I am always striving to improve my beads and to find a new challenge! I can't help myself my brain is always working ahead of me on the next bead or next project and for a long time I have had this niggle in the back of my mind .... "why not add stamens to my floral beads?"
Whilst they look pretty and almost like trapped flowers with the plunged dot in the centre, they would look much more realistic with stamens! So, my brain goes off into over drive .... how can this be achieved ...... and I find myself turning into an amature botanist examining and photographing every flower I see .....
The stamen is composed of two parts; the big orange (in this case) furry bit at the top called the anther, which is responsible for producing pollen and the long slender stalk called the filament, at the base of which can be found nectar. The stamen is the male reproductive part of the flower and the large protuberance in the middle is the female reproductive part of the flower called the carpel (pistil). This consists of the stigma which is at the tip, then the style and the ovary at the base. Ok .... biology lesson over ..... so how do I incorporate this into a bead?
This was the tricky part .... I decided to start off simple and made a very simple cane using opaque yellow glass encased in clear. I made these into stringers and aligned them horizontally on a clear rod. I encased the cane in clear again and pulled this into a stringer. The development of the anther would have to be a project for for another day!
I decided to keep the flowers simple too (little white petals) and concentrate only on the stamens. Now, I know this photograph isn't brilliant but I found it difficult to see the stamens, they were too small and spindly(maybe the cane was too thin). Annoyingly, I kept trapping bubbles of air between the outer encasing layer and the stamen which also made them difficult to see. So, I go back and study a few more flowers for some ideas ....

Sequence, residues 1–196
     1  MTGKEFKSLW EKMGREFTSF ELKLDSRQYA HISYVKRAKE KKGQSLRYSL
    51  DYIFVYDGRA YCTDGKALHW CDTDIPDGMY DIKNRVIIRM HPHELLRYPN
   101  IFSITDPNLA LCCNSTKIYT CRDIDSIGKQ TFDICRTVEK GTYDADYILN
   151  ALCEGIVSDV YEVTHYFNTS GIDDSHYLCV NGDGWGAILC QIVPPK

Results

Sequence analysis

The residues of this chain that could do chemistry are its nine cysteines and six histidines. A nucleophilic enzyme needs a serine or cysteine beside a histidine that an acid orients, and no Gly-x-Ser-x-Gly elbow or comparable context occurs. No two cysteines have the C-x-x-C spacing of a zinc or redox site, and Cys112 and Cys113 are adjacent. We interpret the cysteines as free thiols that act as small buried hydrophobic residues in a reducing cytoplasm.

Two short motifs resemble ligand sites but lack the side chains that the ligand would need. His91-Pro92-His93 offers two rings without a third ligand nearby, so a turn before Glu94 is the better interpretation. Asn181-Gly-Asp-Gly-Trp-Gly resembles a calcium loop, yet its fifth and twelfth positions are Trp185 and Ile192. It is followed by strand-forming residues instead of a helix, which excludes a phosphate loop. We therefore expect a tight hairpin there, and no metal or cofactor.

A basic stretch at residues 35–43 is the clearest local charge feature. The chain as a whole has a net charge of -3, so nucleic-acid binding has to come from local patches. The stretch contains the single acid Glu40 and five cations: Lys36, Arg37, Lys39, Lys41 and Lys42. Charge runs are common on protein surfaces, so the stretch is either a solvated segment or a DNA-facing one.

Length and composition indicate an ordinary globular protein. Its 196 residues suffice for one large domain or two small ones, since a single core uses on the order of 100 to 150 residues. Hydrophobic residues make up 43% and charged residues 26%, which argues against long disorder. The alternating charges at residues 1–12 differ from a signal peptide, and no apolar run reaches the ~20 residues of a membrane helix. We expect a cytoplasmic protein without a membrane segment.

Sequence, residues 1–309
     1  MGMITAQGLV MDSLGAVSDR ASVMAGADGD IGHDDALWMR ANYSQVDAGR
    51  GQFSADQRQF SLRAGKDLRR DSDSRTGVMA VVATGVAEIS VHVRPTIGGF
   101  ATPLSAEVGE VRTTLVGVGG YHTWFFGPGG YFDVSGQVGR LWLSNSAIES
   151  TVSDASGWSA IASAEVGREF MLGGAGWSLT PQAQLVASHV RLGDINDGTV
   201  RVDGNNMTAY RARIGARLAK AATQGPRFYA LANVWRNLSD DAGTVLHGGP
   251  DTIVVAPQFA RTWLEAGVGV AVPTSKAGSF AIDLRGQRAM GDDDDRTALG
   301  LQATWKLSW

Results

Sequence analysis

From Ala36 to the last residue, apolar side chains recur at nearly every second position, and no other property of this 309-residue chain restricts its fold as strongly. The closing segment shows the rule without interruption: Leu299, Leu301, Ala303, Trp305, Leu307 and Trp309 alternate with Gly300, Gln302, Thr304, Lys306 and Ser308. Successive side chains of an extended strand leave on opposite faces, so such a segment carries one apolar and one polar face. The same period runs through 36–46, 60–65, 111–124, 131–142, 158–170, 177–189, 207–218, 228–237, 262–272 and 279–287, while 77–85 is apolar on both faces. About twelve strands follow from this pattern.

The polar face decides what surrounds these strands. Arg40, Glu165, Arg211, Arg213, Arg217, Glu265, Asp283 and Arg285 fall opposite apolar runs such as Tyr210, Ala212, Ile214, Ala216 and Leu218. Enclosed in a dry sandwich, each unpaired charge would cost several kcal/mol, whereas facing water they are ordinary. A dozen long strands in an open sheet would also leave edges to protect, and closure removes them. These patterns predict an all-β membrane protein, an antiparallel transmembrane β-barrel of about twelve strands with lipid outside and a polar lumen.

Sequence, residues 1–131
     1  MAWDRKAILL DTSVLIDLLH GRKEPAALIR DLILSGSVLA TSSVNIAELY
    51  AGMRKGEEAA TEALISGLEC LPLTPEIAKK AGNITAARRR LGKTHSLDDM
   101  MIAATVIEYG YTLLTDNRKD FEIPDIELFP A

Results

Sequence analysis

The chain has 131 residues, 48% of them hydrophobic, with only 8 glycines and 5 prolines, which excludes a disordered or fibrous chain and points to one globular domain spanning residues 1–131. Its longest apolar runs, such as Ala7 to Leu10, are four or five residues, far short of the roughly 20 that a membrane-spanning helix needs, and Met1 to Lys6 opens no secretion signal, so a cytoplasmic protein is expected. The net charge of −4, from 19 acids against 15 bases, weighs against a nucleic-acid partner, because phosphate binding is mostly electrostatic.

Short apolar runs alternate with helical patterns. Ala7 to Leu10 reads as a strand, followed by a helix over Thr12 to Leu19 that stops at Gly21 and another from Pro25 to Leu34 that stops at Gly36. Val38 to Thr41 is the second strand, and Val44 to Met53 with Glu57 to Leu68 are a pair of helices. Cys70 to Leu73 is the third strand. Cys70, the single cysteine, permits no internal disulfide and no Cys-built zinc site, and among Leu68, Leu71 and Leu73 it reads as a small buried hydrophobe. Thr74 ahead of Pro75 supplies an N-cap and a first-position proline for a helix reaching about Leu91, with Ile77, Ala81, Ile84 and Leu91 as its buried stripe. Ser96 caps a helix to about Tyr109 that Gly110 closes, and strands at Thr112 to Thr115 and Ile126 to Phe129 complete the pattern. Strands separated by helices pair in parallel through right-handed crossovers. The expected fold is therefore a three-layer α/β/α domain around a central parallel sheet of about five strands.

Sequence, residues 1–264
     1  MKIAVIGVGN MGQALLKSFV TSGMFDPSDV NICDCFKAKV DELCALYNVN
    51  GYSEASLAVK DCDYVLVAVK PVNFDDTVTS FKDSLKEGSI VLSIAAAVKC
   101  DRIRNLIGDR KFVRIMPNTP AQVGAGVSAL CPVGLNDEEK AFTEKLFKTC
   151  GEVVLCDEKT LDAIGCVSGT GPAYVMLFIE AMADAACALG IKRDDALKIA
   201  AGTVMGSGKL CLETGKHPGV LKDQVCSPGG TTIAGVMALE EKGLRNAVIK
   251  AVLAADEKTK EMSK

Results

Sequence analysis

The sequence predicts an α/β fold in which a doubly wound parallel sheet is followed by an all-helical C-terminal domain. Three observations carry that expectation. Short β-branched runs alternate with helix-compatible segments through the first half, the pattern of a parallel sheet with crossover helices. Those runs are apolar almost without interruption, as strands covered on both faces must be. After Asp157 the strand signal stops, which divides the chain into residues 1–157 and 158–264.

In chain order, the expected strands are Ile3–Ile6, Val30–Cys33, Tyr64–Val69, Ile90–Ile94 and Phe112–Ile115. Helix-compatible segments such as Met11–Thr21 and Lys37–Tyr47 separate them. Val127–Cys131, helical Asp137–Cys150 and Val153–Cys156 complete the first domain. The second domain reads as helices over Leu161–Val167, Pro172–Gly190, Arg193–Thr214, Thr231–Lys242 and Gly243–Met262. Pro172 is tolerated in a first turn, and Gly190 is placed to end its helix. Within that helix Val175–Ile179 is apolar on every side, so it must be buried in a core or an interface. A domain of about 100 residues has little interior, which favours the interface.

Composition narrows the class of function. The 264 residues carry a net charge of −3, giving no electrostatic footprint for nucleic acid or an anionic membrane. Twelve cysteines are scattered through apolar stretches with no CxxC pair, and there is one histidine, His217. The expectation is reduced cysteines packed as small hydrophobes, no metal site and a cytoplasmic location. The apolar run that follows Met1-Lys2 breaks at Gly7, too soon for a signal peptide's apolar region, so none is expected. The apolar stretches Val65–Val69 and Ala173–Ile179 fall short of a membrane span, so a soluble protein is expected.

I made a more complex cane based on the Choisya flower in the photo above. I decided to attempt multi-layering the cane by alternating a layer of orange with yellow and white encased canes. If I hadn't of been so heavy handed with the white cane then I think this may have been more sucessful!
This bead was a total disaster! I thought I would try and be clever and make a Geranium bead. Quite a few things went wrong here. The number of petals was my first big mistake! They don't look too bad in this photo, but throughout the bead I had stray petals that didn't look as though they belonged to anything. I made these stamens using a simple cane - brown glass encased in clear, pulled into fairly thick stringers and then placed horizontally on a clear glass rod. I added multiple layers of brown cane separated each time with a layer of clear. Again they looked a little spindly to me!
There must be a way to make the stamens stand out more? ...... Perhaps if I add a white dot to the centre of the flower and add the stamen cane on top of that ...... no! I think I made an even bigger disaster with this bead .... still this is a good way to learn .... I suppose .... and practice makes perfect! haa haa! Sometimes, quite by accident you can stumble across a new idea .... if I develop the centre of the bead further (forget adding petals) I will have the start of a Lily.
This was my final attempt at stamens! I went back to the simple yellow glass cane, used larger stringers and multi-layered this onto a clear glass rod encasing each layer in clear glass. Finally I pulled all of this into a fairly thick stringer and used it to create my stamens. I am happy with these for now! I just have to perfect my technique so that all my flowers are consistent.
Well ..... there is still this niggle about the anther's .... oh and having the same number of stamens as petals!